Sean Hollands at the commitment ceremony. he was told by 'wife' Susan Rawlings they should remain friends rather than continuing a relationship.
Sean Hollands at the commitment ceremony. he was told by 'wife' Susan Rawlings they should remain friends rather than continuing a relationship. Channel 9

GROOM SPEAKS OUT: 'Couples are being mismatched for ratings'

FORMER Married at First Sight groom Sean Hollands says couples are being blatantly mismatched this season to improve ratings.

Like millions of others across Australia, the Fraser Coast farmer has been watching the popular reality television show.

But unlike most, he knows exactly what goes on behind the scenes.

Sean first appeared on the series two seasons ago when he was paired with Perth's Susan Rawlings.

This season however, Sean says producers have strayed from genuinely trying to assist couples in finding lasting love.

"I've watched most of the weddings," he said.

"I'm a little bit disappointed in how they've taken the concept of marriage."

The change in course is an added blow for Sean who has long been critical of the editing process.

In Mr Hollands' season, Anthony Manton was often seen as  an agitator.

While it was true that you couldn't put words in someone's mouth, he said Mr Manton was a genuine person who also had many positive moments.

*WARNING EMBARGOED until 9pm on Sunday March 26* Susan Rawlings and Sean Hollands pictured during their vow renewal ceremony on Married At First Sight. Supplied by Channel 9.
*WARNING EMBARGOED until 9pm on Sunday March 26* Susan Rawlings and Sean Hollands pictured during their vow renewal ceremony on Married At First Sight. Supplied by Channel 9.

In the aftermath of the reality show, Mr Manton received death threats from incensed viewers, Mr Hollands said.

"He nearly lost his job and his whole career," he said.

His own time on the show was not without drama.

While he and Ms Rawlings were portrayed as being a perfect couple, Mr Hollands said he knew from day one it wouldn't work.

A keen participant in rodeos, Ms Rawlings expressed to him that she was "against all that".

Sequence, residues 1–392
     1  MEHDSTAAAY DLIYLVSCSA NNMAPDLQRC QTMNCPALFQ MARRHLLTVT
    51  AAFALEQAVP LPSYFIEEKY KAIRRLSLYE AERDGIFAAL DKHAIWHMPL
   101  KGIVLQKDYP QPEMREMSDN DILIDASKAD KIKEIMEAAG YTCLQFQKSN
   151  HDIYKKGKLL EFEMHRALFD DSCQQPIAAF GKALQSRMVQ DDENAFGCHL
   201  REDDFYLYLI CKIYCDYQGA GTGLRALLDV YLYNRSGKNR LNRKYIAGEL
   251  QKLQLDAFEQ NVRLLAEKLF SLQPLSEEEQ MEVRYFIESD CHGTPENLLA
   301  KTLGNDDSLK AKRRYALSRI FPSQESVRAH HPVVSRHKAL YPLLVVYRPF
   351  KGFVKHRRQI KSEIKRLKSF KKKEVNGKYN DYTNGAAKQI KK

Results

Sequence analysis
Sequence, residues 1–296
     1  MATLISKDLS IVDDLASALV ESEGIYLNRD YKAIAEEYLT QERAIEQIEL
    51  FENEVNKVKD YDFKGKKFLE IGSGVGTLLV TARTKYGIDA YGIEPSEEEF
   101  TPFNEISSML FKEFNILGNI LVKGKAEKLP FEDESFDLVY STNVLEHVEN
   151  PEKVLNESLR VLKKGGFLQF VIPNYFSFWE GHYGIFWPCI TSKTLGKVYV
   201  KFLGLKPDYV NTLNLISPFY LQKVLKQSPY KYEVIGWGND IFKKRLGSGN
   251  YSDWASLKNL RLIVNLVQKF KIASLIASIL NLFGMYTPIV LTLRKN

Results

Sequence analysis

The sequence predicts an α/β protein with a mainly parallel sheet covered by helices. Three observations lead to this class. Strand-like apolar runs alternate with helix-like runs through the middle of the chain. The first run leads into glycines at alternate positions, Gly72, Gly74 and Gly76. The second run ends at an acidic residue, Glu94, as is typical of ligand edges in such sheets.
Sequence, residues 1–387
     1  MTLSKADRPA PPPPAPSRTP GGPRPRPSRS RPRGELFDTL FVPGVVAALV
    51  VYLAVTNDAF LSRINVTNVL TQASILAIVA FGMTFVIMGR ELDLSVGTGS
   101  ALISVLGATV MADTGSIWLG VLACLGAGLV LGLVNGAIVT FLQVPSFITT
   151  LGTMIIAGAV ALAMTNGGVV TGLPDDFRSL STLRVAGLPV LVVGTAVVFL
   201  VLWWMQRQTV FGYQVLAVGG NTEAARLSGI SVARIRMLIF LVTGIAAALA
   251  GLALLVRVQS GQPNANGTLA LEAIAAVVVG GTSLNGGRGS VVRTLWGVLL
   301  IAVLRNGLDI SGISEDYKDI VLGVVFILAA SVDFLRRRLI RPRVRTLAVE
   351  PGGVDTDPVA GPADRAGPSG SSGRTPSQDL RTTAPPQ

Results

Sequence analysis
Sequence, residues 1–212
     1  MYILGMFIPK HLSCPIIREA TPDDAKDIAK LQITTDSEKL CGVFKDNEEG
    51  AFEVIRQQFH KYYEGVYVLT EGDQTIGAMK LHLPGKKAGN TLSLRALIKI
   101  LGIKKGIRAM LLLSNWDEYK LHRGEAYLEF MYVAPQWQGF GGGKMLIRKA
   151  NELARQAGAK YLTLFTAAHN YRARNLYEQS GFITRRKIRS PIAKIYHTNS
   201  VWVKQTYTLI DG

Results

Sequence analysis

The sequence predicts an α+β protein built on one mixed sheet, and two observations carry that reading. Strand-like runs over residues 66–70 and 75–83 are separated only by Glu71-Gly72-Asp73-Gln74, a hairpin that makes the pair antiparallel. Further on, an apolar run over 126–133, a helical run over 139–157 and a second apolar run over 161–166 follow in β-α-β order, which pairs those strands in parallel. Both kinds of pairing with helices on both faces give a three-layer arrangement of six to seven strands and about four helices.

"It was a total mismatch with the girl I was with," he said.

With bride Ines Basic telling cameras her first instinct upon seeing her husband was to "punch him in the jaw", Mr Hollands said that was another concerning aspect of the show.

With whispers that there would be intruders on the show this year, Mr Hollands said the show was moving away from the concept of building lasting love between two people.

"It's really disappointing," he said.

While the show boasted receiving  thousands of applications to star on the show, Mr Hollands said he knew some people had been approached to star in the reality series - and not everyone was there for the right reasons.

On his season, Mr Hollands said a couple of people were there for what they could get out of it, but now he believed there were few people on the show to genuinely find love.

"They totally mismatch people," he said.

One case in particular was matching Gympie farmer Mick Gould with model Jessika Power.

Mr Gould has already accused the Instagram fanatic of being on the show for likes on social media rather than to find love.

"Why put Mick with the Instagram model? That's not a match," Mr Hollands said.

In addition to concerns about the direction of the show, he said former contestants had been treated poorly.

Not only have each of them been blocked from the Married at First Sight social media platforms, the current contestants had also blocked the former stars of the show.

"The duty of care is crap. We're guinea pigs for TV ratings," he said.

Despite it all, Mr Hollands said he had no regrets about going on the show and says the program even helped him get together with his fiance Roslyn Buerckner.

They had known each other for two years before the show, but met in person for the first time when Ms Buerckner organised a charity event and auctioned the reality star for a date.

Ironically, it was the two of them that started dating soon after.

They became engaged at last year's Melbourne Cup.

Mr Hollands was coy about when they would celebrate their wedding, but said they had a date in mind.

A spokesman from Nine said support was available for former contestants.

"We take our duty of care seriously," he said.

Do you think couples are being mismatched to create more drama?

This poll ended on 14 February 2019.

Current Results

Yes

97%

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"There is a dedicated show psychologist and support team available to every participant throughout the entire production, broadcast and beyond."

The spokesman said blocking contestants on social media was nothing new.

"We have blocked participants in the past, so there is nothing unusual about it," he said.

"We are focused on the new season of Married At First Sight and the journeys of the new participants."

The spokesman said all social media followers on Nine's social media platforms were expected to adhere to the Community Guidelines, with Nine reserving the right to ban, block and moderate users.